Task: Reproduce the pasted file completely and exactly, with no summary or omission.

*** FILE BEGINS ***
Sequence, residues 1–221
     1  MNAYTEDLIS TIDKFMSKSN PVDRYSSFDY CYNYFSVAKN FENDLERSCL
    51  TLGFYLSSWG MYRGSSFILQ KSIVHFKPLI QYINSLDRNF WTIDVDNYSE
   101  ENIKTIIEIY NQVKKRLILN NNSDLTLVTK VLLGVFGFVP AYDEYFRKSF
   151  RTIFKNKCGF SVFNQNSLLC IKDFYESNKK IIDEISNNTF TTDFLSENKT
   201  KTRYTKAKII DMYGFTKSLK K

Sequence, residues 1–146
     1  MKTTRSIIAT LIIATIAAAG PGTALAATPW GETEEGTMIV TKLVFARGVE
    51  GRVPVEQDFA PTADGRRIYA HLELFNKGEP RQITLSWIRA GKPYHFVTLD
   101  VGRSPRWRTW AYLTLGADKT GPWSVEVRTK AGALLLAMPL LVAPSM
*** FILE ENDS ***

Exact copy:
Sequence, residues 1–221
     1  MNAYTEDLIS TIDKFMSKSN PVDRYSSFDY CYNYFSVAKN FENDLERSCL
    51  TLGFYLSSWG MYRGSSFILQ KSIVHFKPLI QYINSLDRNF WTIDVDNYSE
   101  ENIKTIIEIY NQVKKRLILN NNSDLTLVTK VLLGVFGFVP AYDEYFRKSF
   151  RTIFKNKCGF SVFNQNSLLC IKDFYESNKK IIDEISNNTF TTDFLSENKT
   201  KTRYTKAKII DMYGFTKSLK K

Sequence, residues 1–146
     1  MKTTRSIIAT LIIATIAAAG PGTALAATPW GETEEGTMIV TKLVFARGVE
    51  GRVPVEQDFA PTADGRRIYA HLELFNKGEP RQITLSWIRA GKPYHFVTLD
   101  VGRSPRWRTW AYLTLGADKT GPWSVEVRTK AGALLLAMPL LVAPSM